The great django rewrite

Published June 26, 2012 by Toran Billups

When I started this blog way back in 2009 I was on a very different software journey. At the time I was writing enterprise web applications in using classic webforms. I decided to start blogging because for once I thought it would be a good idea to embrace the very thing I disliked the most.

Writing was never something I wanted to do growing up, and to be fair I still struggle with it today. I think most of the pain comes from the fact that I've never been great at explaining complex stuff to other people. I used this blog as a platform to help me express ideas in a way I never had the courage to do in person.

Another reason I started this blog was to write the software myself. I was learning webforms and thought building my own webforms app would give me some experience on the .net platform. A few years later I wanted to learn the new mvc framework so I rewrote the blog again. And each time I rewrote the blog it gave me a real project that I could finish in my spare time, learning about a new platform all along the way.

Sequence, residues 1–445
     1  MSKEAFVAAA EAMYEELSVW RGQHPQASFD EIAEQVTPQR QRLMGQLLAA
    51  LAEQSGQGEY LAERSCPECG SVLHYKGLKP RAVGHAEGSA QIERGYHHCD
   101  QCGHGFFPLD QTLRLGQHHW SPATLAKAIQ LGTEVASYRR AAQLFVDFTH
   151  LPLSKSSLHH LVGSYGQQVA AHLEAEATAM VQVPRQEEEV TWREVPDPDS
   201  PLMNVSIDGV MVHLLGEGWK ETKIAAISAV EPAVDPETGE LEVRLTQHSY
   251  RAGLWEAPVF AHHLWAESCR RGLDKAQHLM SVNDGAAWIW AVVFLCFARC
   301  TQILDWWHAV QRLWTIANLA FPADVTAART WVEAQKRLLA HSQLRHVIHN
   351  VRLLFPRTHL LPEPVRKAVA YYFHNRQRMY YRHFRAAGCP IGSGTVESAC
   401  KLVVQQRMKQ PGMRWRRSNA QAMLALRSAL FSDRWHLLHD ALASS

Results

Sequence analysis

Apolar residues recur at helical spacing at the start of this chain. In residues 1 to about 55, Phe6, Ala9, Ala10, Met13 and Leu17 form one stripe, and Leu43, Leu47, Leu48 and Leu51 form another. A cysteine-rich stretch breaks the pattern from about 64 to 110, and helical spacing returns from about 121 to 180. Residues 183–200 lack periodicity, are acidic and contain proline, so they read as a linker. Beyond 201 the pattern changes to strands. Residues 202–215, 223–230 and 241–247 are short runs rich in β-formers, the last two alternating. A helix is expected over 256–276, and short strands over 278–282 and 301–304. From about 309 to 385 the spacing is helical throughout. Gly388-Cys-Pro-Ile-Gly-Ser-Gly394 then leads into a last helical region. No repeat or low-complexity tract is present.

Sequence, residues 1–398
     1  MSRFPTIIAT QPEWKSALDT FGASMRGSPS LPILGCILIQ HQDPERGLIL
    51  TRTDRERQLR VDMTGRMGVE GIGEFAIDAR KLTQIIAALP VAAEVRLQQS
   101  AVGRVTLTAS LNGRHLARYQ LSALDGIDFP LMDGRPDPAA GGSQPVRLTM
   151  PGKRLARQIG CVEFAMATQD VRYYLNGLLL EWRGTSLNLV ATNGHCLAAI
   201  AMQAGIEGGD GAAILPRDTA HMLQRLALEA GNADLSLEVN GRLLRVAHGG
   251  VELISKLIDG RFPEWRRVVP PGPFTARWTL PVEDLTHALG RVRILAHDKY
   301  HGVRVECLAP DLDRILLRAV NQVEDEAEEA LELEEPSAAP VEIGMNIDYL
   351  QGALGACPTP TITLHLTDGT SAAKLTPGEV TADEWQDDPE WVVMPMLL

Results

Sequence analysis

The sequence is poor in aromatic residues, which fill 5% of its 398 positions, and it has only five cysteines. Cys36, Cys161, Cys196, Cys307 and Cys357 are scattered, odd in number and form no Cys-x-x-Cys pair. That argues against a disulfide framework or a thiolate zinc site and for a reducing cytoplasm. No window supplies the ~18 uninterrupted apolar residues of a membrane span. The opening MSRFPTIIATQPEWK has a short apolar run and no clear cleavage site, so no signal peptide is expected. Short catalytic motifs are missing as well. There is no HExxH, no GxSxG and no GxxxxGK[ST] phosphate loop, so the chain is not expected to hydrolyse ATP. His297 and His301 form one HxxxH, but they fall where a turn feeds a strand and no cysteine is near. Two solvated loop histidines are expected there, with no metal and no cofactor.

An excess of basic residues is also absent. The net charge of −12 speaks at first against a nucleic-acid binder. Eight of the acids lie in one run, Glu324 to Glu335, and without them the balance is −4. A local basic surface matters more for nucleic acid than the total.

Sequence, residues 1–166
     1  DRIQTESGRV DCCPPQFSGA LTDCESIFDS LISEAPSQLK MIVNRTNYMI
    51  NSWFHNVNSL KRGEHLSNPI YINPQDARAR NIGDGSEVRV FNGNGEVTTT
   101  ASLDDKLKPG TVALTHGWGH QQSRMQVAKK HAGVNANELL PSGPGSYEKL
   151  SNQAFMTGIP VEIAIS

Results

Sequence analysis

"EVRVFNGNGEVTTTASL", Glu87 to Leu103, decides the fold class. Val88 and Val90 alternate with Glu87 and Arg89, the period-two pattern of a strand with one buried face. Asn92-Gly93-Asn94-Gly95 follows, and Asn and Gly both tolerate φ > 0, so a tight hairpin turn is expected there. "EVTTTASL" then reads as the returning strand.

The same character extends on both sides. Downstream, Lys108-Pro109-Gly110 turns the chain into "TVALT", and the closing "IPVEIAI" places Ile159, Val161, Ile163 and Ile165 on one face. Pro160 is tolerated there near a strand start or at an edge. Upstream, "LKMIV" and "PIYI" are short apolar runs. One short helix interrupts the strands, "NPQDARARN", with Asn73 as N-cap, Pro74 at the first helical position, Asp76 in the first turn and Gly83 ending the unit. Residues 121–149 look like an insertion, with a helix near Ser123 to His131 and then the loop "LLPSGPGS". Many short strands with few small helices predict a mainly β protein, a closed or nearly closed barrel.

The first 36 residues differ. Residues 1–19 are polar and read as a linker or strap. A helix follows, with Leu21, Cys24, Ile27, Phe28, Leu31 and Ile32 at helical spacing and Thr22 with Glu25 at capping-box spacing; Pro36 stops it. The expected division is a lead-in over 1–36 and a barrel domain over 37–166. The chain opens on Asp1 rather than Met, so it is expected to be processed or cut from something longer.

Recently I made the switch to python and django but didn't have any real experience with the platform. In the past I would jump in a few weeks before I started the job to get familar with the ecosystem, but for some odd reason this time around I decided to wait a few months before the rewrite as I wanted to truly embrace the accepted techniques and practices of a seasoned python developer. So after I had a few months of professional python under my belt, I decided it was time for the next great rewrite.

I went from not knowing a thing about python or mysql to building/deploying/hosting my own app in just a few weeks. The following is a comprehensive list of the technologies I got to learn more about during the rewrite.

  • python
  • django
  • south
  • django unit test
  • mock
  • pip
  • virtualenv
  • chef
  • capistrano
  • apache
  • mysql
  • memcached

I also felt it was time for a visual refresh (as the theme I was rocking looked a good 4 years old). In addition I decided to trim the amount of http requests required to read a basic blog post on my site. The average desktop user might not notice, but anyone using an iPhone will find the site loads up blazing fast now. I thought this was worth the effort because most of the programming related content I consume is over 3G on my iPhone these days.

As usual, the entire application is available on github

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